When I was a young boy, I would go camping with my parents, older brother and younger sister. My mother would read a book aloud as my father drove the station wagon with the camping gear neatly stowed on top.
On one trip, mom read short stories by Sholom Aleichem. To this day, I recall her reading one story in particular, “A Yom Kippur Scandal,” fulfilling the words of our Shema, “Teach them [Jewish teachings] to your children, to discuss them, while you sit in your home, while you walk on the way, when you retire and when you arise.” I recently reread Sholom Aleichem’s stories, and wrestled to grasp the meaning of another Yom Kippur story, “The Day Before Yom Kippur.”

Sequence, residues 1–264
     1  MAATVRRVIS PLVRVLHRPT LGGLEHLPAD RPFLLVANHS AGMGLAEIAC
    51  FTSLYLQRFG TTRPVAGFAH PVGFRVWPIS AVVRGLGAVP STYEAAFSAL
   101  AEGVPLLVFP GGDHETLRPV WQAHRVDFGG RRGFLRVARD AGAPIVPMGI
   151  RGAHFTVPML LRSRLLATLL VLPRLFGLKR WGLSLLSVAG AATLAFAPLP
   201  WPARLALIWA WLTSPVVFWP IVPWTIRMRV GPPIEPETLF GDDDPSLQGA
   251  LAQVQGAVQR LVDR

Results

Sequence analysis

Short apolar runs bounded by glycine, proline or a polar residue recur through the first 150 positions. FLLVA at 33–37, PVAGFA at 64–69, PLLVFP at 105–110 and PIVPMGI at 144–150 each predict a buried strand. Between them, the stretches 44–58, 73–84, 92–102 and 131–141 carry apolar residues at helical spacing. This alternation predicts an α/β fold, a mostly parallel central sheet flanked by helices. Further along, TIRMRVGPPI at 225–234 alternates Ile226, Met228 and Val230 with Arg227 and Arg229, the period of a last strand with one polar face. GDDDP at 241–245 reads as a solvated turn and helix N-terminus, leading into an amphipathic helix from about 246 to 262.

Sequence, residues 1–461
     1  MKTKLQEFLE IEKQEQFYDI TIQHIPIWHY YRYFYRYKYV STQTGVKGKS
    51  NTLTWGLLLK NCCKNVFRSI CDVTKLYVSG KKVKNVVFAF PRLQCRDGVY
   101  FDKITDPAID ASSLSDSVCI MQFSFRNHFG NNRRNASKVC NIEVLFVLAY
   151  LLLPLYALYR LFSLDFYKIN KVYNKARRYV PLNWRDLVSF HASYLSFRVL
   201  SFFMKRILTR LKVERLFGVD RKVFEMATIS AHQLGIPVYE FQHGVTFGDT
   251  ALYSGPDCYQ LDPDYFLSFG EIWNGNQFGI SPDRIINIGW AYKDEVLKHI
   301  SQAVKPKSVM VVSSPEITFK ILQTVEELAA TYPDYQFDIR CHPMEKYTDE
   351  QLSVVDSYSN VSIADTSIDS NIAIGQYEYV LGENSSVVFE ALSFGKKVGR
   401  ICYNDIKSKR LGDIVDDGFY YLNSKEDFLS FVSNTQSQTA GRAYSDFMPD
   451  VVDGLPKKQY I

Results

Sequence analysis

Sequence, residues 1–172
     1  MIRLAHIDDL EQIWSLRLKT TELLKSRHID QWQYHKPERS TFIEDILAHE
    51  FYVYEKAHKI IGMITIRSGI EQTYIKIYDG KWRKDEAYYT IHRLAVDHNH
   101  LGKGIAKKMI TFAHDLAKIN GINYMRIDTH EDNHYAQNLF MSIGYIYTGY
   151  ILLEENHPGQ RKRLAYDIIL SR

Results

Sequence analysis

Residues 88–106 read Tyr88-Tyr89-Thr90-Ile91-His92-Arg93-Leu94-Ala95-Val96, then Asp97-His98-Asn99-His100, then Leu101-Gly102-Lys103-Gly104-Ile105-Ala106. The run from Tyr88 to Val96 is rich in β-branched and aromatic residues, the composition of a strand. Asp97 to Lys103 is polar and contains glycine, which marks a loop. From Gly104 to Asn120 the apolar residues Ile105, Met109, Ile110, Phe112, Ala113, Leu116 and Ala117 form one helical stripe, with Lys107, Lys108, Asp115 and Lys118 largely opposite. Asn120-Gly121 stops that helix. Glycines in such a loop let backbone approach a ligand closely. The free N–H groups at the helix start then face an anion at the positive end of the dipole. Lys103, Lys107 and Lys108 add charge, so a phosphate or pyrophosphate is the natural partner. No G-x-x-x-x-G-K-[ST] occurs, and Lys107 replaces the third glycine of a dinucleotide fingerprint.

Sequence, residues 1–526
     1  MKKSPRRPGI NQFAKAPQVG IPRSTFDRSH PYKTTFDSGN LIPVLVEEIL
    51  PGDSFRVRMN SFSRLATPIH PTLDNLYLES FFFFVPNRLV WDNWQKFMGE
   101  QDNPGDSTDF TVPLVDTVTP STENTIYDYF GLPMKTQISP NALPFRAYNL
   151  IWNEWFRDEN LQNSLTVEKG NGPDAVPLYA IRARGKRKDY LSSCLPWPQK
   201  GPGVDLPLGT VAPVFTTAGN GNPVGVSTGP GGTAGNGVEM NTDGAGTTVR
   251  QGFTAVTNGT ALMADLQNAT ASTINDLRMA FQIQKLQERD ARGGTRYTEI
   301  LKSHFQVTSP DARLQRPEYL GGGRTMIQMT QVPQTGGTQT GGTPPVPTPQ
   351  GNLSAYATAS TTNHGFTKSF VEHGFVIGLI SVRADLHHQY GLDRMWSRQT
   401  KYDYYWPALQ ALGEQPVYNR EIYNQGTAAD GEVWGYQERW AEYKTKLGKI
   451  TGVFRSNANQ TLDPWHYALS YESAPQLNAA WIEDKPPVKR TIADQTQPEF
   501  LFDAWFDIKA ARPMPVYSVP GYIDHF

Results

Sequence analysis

The plot revolves around a butcher and a fish seller who act terribly toward their customers throughout the year. On the eve of Yom Kippur, they ask forgiveness of the townspeople, who reciprocate by inviting the butcher and the fish seller into their homes for a bite to eat.
You may think the theme of this story is hypocrisy — if a person behaves terribly all year, how does seeking forgiveness one day a year atone for that behavior? I believe, however, that what Sholom Aleichem meant to convey is that life is hard. It is very difficult to work and earn a living, day after day, in order to survive and provide for one’s family. The two protagonists behaved as they did not out of hypocrisy but as part of the struggle to survive. I hope we can all remember that message this year as we approach Yom Kippur, especially if anyone has the courage to ask for our forgiveness.
Steven Freedman is a writer of short stories and novels.